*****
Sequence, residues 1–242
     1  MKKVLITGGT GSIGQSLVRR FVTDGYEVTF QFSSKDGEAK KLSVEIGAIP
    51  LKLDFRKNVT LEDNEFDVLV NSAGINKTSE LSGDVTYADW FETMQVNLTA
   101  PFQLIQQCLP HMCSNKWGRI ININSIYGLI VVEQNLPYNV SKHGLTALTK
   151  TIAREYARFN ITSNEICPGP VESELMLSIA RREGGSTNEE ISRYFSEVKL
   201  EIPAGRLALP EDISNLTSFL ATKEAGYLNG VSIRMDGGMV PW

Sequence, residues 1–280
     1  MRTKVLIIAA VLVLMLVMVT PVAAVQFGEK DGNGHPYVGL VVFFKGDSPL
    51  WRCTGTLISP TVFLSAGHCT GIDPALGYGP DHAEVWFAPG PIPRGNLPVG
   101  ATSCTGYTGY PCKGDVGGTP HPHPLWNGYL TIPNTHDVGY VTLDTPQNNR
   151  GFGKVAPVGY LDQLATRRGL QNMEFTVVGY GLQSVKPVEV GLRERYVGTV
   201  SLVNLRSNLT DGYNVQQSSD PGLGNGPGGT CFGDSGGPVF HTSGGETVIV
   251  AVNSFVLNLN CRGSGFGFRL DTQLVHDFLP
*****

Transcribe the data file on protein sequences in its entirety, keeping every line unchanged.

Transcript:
Sequence, residues 1–242
     1  MKKVLITGGT GSIGQSLVRR FVTDGYEVTF QFSSKDGEAK KLSVEIGAIP
    51  LKLDFRKNVT LEDNEFDVLV NSAGINKTSE LSGDVTYADW FETMQVNLTA
   101  PFQLIQQCLP HMCSNKWGRI ININSIYGLI VVEQNLPYNV SKHGLTALTK
   151  TIAREYARFN ITSNEICPGP VESELMLSIA RREGGSTNEE ISRYFSEVKL
   201  EIPAGRLALP EDISNLTSFL ATKEAGYLNG VSIRMDGGMV PW

Sequence, residues 1–280
     1  MRTKVLIIAA VLVLMLVMVT PVAAVQFGEK DGNGHPYVGL VVFFKGDSPL
    51  WRCTGTLISP TVFLSAGHCT GIDPALGYGP DHAEVWFAPG PIPRGNLPVG
   101  ATSCTGYTGY PCKGDVGGTP HPHPLWNGYL TIPNTHDVGY VTLDTPQNNR
   151  GFGKVAPVGY LDQLATRRGL QNMEFTVVGY GLQSVKPVEV GLRERYVGTV
   201  SLVNLRSNLT DGYNVQQSSD PGLGNGPGGT CFGDSGGPVF HTSGGETVIV
   251  AVNSFVLNLN CRGSGFGFRL DTQLVHDFLP